Monday, May 28, 2018
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Wife of evangelist integral to ministry




MONTREAT, N.C. - Ruth Graham, who surrendered dreams of missionary work in Tibet to marry a suitor who became the world's most renowned evangelist, died yesterday. She was 87.

Mrs. Graham died at her home at Little Piney Cove, surrounded by her husband and all five of their children, said a statement released by Larry Ross, Billy Graham's spokesman.

"Ruth was my life partner, and we were called by God as a team," Billy Graham said. "No one else could have borne the load that she carried. She was a vital and integral part of our ministry, and my work through the years would have been impossible without her encouragement and support.

"I am so grateful to the Lord that He gave me Ruth, and especially for these last few years we've had in the mountains together. We've rekindled the romance of our youth, and my love for her continued to grow deeper every day," he said. "I will miss her terribly, and look forward even more to the day I can join her in heaven."

Mrs. Graham had been bedridden for months with degenerative osteoarthritis of the back and neck - the result of a serious fall from a tree in 1974 while fixing a swing for grandchildren - and underwent treatment for pneumonia two weeks ago.

A public memorial service is scheduled for tomorrow at the Montreat Conference Center. A private interment service will be held Sunday in Charlotte.

As Mrs. Billy Graham, Ruth Graham could lay claim to being the first lady of evangelical Protestantism, but she neither exploited that unique status nor lusted for the limelight.

Behind the scenes, however, she was considered her husband's closest confidante during his spectacular global career.

"She would help my father prepare his messages, listening with an attentive ear, and if she saw something that wasn't right or heard something that she felt wasn't as strong as it could be, she was a voice to strengthen this or eliminate that," said her son, Franklin, who is now the head of the Billy Graham Evangelistic Association.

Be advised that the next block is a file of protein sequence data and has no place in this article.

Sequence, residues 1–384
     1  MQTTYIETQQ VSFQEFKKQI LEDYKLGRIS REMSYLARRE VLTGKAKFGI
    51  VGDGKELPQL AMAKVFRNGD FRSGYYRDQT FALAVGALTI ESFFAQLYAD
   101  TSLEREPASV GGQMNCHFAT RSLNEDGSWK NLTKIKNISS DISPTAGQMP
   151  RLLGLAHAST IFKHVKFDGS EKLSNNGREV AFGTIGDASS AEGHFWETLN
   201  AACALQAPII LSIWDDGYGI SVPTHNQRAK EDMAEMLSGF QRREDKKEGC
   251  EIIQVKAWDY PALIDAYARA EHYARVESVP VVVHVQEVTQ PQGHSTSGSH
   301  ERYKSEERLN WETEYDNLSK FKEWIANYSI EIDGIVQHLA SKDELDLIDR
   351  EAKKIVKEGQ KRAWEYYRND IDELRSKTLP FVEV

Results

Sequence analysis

Mrs. Graham's father, L. Nelson Bell, a missionary doctor, headed the Presbyterian hospital in Qingjiang, China. Mrs. Graham grew up there.

Despite her reluctance to be a public personality herself, Mrs. Graham met many of the powerful and famous through her husband - who was a spiritual adviser to presidents for decades. President Bush and First Lady Laura Bush called her a "remarkable woman of faith."

She met Billy Graham at Wheaton College in Illinois.

Billy Graham courted her, managing to coax her away from the foreign missions calling and into marriage after both graduated in 1943.

Though the wife of a famous Baptist minister, the independent-minded Mrs. Graham declined to undergo baptism by immersion and remained a loyal, lifelong Presbyterian. When in Montreat, a town built around a Presbyterian conference center, Billy Graham would attend the local Presbyterian church, where his wife often taught the college-age Sunday School class.

Mrs. Graham was the author or co-author of 14 books, including collections of poetry and the autobiographical scrapbook Footprints of a Pilgrim.

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